April 26th, 2012
12:01 AM ET
As the number of Americans living with Alzheimer's disease continues to rise, researchers are investigating various ways that people can prevent memory decline through nutrients in foods we might eat often anyway.
So far, nothing has been proven to work for sure, but there's no harm in eating healthy foods.
The latest target of interest is berries. A study of more than 16,000 women over age 70 suggests there is a connection between berries and memory problems. Specifically, women who ate the most berries per week were likely to have up to a 2.5-year advantage in terms of when they showed signs of memory decline.
There's no reason think that results would be different in men, said the study's lead author, Elizabeth Devore, researcher at the Channing Laboratory at Brigham and Women's Hospital in Boston.
But note that this study, published in Annals of Neurology, received funding from the California Strawberry Commission - a potential conflict of interest. The data analysis, writing and results were done completely independently of this sponsor, however, Devore said, and did not have anything to do with the concept of the study.
Participants were asked about food consumption every four years since 1980, and their memory was tested every two years between 1995 and 2001. Researchers found that the women who ate at least 1/2 cup of blueberries per week, or two 1/2 cups of strawberries, showed the greatest benefits.
"Iâ€™d recommend that both men and women eat more berries," Devore said.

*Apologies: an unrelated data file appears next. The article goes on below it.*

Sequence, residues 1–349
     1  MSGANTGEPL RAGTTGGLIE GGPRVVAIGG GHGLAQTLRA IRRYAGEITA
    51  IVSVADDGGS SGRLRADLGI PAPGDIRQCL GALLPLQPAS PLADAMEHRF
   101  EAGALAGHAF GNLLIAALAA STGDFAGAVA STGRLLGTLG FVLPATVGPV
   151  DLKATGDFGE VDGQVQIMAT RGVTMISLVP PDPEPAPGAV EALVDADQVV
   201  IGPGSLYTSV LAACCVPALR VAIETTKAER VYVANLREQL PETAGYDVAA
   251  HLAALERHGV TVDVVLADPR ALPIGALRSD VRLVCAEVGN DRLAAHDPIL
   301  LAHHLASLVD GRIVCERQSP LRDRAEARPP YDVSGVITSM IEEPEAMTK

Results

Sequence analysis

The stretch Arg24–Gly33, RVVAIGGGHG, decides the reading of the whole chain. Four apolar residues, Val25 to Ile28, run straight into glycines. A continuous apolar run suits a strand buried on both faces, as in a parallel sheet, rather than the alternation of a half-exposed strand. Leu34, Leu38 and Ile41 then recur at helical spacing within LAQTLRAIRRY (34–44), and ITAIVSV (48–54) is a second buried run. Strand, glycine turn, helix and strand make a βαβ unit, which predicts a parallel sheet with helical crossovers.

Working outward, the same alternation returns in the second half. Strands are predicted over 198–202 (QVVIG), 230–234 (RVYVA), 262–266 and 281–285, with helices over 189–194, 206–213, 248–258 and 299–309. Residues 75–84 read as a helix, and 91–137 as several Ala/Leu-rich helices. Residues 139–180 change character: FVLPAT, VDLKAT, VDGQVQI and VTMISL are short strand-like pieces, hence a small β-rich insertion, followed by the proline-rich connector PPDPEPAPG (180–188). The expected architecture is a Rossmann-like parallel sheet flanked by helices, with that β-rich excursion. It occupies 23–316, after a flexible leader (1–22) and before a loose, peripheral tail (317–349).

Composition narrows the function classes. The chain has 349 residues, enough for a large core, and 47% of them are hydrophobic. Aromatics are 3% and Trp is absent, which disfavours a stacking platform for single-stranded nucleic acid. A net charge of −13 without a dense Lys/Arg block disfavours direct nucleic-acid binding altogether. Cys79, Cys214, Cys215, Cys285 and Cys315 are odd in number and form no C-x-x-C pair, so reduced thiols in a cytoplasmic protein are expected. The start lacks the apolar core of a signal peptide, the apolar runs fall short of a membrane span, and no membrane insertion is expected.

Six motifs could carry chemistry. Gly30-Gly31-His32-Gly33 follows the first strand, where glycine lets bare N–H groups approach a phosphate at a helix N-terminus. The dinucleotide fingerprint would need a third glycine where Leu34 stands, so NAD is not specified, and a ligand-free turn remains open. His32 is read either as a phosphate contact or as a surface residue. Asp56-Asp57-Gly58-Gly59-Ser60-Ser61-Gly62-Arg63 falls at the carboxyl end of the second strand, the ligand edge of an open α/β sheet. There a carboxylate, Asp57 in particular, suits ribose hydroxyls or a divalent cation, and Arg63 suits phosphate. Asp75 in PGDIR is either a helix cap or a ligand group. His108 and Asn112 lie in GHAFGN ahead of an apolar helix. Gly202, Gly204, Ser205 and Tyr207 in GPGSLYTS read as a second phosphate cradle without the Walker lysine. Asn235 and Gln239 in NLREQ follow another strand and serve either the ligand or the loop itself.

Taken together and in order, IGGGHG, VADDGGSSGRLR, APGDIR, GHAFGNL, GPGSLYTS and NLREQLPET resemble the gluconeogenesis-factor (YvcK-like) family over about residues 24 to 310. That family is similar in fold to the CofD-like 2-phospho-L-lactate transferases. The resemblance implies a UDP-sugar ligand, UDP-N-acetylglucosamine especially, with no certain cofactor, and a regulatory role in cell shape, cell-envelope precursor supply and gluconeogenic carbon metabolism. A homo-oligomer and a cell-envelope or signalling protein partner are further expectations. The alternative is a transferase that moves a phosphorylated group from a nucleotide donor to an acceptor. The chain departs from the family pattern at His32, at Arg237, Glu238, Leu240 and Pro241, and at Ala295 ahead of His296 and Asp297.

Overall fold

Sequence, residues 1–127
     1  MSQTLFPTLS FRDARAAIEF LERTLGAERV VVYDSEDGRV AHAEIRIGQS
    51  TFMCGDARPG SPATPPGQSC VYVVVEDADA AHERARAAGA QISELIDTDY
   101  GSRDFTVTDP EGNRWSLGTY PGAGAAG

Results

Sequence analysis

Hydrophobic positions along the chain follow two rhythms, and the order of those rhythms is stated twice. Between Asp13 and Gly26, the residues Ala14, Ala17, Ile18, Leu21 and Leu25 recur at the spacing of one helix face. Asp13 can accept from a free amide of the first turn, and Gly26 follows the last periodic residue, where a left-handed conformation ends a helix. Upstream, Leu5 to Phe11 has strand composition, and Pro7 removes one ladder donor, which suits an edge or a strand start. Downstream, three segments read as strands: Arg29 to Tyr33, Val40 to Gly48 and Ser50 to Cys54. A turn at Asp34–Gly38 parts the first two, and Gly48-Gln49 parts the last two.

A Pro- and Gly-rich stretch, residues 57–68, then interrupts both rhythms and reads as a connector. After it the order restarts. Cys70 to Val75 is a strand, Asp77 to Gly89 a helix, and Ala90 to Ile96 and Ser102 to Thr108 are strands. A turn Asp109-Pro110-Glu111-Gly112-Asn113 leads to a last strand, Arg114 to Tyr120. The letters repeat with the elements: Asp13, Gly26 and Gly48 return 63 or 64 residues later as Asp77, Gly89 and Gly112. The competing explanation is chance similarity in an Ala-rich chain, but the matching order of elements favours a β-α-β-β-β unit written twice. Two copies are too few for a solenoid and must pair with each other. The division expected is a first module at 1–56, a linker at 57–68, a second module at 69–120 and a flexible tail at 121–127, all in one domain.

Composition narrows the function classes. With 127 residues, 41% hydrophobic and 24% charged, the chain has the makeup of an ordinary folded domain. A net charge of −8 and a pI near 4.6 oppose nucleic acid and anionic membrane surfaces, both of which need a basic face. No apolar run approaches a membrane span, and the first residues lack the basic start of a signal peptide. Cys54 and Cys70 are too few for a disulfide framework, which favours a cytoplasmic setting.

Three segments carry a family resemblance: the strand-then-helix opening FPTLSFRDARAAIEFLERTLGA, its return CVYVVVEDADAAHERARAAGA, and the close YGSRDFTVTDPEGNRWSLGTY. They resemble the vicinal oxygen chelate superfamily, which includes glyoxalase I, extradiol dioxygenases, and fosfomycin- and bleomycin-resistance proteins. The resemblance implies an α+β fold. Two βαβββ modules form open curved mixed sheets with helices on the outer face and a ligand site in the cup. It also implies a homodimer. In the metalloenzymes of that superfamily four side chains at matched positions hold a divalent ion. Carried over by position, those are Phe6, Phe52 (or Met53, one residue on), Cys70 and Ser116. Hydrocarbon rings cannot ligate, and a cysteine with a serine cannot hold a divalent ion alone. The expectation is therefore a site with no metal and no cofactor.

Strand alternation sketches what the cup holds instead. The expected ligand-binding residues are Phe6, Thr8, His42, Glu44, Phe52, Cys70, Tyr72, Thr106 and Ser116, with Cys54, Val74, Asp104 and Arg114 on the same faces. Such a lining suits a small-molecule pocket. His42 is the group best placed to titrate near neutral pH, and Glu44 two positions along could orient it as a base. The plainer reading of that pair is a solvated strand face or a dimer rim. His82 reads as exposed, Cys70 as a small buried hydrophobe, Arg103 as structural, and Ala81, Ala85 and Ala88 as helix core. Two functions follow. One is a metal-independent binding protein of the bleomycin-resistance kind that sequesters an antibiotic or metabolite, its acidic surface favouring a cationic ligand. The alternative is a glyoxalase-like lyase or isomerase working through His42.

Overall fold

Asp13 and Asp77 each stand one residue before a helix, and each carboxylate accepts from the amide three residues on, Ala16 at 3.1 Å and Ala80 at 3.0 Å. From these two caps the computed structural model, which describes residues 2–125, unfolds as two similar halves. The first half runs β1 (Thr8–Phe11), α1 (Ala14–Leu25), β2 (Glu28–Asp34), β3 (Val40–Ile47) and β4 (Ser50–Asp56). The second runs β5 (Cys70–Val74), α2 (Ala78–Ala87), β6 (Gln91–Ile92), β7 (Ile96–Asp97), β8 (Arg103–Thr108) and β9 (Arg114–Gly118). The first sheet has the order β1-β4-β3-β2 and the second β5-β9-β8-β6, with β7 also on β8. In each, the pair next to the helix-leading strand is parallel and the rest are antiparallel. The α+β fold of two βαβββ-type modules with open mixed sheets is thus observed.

Here's how berries might help: mitochrondria are energy generators of brain cells, and have been thought to also produce substances toxic to the brain that lead to Alzheimer's disease. These toxic compounds are called "free radicals," which damage brain cells and impair cellular processing. Berries are rich in flavonoids, which can act as antioxidants, interacting with free radicals before they cause damage.
But read the results of the new study with caution, says Dr. William Hu, assistant professor of neurology at Emory University School of Medicine. The study authors did not control the diets of the participants - the information about berry intake is based on their own recollections.
And it's hard to directly translate the effect of berries on cognitive decline when other lifestyle factors may also contribute to prevention. The berries themselves may have only a modest role to play.
Hu also noted that the study authors did not control for the presence of a particular genetic variant, called ApoE4, that predisposes people to develop Alzheimer's disease. Devore said her team didn't consider it because genetic variants wouldn't be associated with berry intake. And a separate study looking at a group of women in the Nurses' Health Study found the frequency of the Alzheimer's associated gene similar to what's been reported in older Caucasian women in other large studies.
Exercising, doing puzzles and other mind-stimulating activities, having a social support network and eating a healthy, balanced diet have all been suggested in previous research to contribute to preventing cognitive aging.
"I don't think that any one of these factors is the silver bullet," Hu said.
Still, it doesn't mean you should stop eating berries, either. Hu and his wife eat strawberries every night.
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